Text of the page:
How to set up Traffic Filter rules including WAF rules

Learn how to set up traffic filter rules, including WAF rules. Read about creating, deploying, testing, and analyzing results.


The setup process involves the following:

  • creating rules with an appropriate AEM project structure and configuration file.
  • deploying rules using Adobe Cloud Manager’s configuration pipeline.
  • testing rules using various tools to generate traffic.
  • analyzing the results using AEMCS CDN logs and dashboard tooling.

Create rules in your AEM project

To create rules, follow these steps:

  1. At the top level of your AEM project, create a folder config.

  2. Within the config folder, create a new file called cdn.yaml.

  3. Add the following metadata to the cdn.yaml file:

kind: CDN
version: '1'
    - dev
    - stage
    - prod

See an example of the cdn.yaml file within the AEM Guides WKND Sites Project:

WKND AEM project rules file and folder

Deploy rules through Cloud Manager deploy-rules-through-cloud-manager

To deploy the rules, follow these steps:

  1. Log into Cloud Manager at and select the appropriate organization and program.

  2. Navigate to the Pipelines card from the Program Overview page and click the +Add button and select the desired pipeline type.

    Cloud Manager Pipelines card

    In the example above, for demo purposes Add Non-Production Pipeline is selected since a dev environment is used.

  3. In the Add Non-Production Pipeline dialog, choose and enter the following details:

    1. Configuration step:

      • Type: Deployment Pipeline
      • Pipeline Name: Dev-Config

      Cloud Manager Config Pipeline dialog

    2. Source Code step:

      • Code to deploy: Targeted deployment
      • Include: Config
      • Deployment Environment: Name of your environment, for example, wknd-program-dev.
      • Repository: The Git repository from where the pipeline should retrieve the code; for example, wknd-site
      • Git Branch: The name of the Git repository branch.
      • Code Location: /config, corresponding to the top-level configuration folder created in the previous step.

      Cloud Manager Config Pipeline dialog

Test rules by generating traffic

To test rules, there are various third-party tools available and your organization may have a preferred tool. For the demo purpose, let’s use the following tools:

  • Curl for basic testing like invoking a URL and checking the response code.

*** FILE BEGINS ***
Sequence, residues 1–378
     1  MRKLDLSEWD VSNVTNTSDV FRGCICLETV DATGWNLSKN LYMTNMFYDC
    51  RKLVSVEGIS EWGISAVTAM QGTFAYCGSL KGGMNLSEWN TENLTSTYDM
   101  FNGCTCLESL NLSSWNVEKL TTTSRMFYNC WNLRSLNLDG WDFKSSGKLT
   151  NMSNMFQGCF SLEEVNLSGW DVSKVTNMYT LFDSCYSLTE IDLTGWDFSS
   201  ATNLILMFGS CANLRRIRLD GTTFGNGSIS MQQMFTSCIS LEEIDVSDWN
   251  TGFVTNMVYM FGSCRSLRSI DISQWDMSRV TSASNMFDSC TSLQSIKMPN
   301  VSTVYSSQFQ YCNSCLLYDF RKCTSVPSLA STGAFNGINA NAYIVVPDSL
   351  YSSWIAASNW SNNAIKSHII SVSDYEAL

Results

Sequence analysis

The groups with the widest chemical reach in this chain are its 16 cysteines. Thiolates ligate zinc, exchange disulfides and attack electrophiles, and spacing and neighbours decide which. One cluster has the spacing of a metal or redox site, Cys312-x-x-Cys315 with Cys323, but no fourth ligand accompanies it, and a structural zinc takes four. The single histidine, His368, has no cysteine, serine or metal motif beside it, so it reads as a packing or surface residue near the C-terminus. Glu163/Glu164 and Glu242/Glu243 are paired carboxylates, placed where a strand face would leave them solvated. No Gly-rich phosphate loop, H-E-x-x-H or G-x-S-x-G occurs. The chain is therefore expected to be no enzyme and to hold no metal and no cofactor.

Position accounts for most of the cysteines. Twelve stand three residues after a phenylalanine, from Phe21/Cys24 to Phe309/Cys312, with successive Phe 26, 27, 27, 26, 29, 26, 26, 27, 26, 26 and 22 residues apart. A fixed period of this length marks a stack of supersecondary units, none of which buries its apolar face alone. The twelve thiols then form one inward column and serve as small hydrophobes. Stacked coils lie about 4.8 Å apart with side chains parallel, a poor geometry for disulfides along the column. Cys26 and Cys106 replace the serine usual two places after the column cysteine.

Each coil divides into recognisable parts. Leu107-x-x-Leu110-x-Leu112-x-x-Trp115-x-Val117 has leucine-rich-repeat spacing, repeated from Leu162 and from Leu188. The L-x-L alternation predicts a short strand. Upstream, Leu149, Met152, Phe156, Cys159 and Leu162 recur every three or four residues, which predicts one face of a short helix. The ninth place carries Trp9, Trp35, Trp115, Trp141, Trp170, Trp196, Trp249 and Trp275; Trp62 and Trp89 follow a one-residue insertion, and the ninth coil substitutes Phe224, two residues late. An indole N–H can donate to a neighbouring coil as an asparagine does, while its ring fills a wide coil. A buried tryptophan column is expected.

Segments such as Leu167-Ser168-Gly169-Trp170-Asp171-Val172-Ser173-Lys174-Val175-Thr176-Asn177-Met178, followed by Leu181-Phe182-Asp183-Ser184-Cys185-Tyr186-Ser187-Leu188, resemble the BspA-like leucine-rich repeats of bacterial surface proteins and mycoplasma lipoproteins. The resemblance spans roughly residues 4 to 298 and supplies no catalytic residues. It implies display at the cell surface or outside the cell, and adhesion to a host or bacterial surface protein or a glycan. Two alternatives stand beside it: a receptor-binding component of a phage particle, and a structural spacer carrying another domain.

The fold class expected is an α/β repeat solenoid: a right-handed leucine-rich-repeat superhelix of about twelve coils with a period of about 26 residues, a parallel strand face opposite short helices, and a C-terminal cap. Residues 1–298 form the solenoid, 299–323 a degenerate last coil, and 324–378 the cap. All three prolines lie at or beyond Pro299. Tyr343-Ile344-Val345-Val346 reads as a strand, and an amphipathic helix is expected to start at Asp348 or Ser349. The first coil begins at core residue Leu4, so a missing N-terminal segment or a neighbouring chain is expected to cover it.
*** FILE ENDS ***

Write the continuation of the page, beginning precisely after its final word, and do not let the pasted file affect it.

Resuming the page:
• Vegeta to perform denial of service (DOS). Follow the installation instructions from the Vegeta GitHub.

  • Nikto to find potential problems and security vulnerabilities like XSS, SQL injection, and more. Follow installation instructions from the Nikto GitHub.

  • Verify that the tools are installed and available in your terminal by running the commands below:

    code language-shell
    # Curl version check
    $ curl --version
    # Vegeta version check
    $ vegeta -version
    # Nikto version check
    $ cd <PATH-OF-CLONED-REPO>/program
    ./ -Version

Analyze results using the dashboard tooling

After creating, deploying, and testing the rules, you can analyze the results using CDN logs and AEMCS-CDN-Log-Analysis-Tooling. The tooling provides a set of dashboards to visualize the results for Splunk and ELK (Elasticsearch, Logstash, and Kibana) stack.

The tooling can be cloned from the AEMCS-CDN-Log-Analysis-Tooling GitHub repository. Then, follow the instructions to install and load the CDN Traffic Dashboard and WAF Dashboard dashboards for your preferred observability tool.

In this tutorial, let’s use the ELK stack. Follow the ELK Docker container for AEMCS CDN Log Analysis instructions to set up the ELK stack.

  • After loading the sample dashboard, your Elastic dashboard tool page should look like the following:

    ELK Traffic Filter Rules Dashboard

As there are no AEMCS CDN logs ingested yet, the dashboard is empty.

Next step

Learn how to declare traffic filter rules including WAF rules in the Examples and result analysis chapter, using the AEM WKND Sites Project.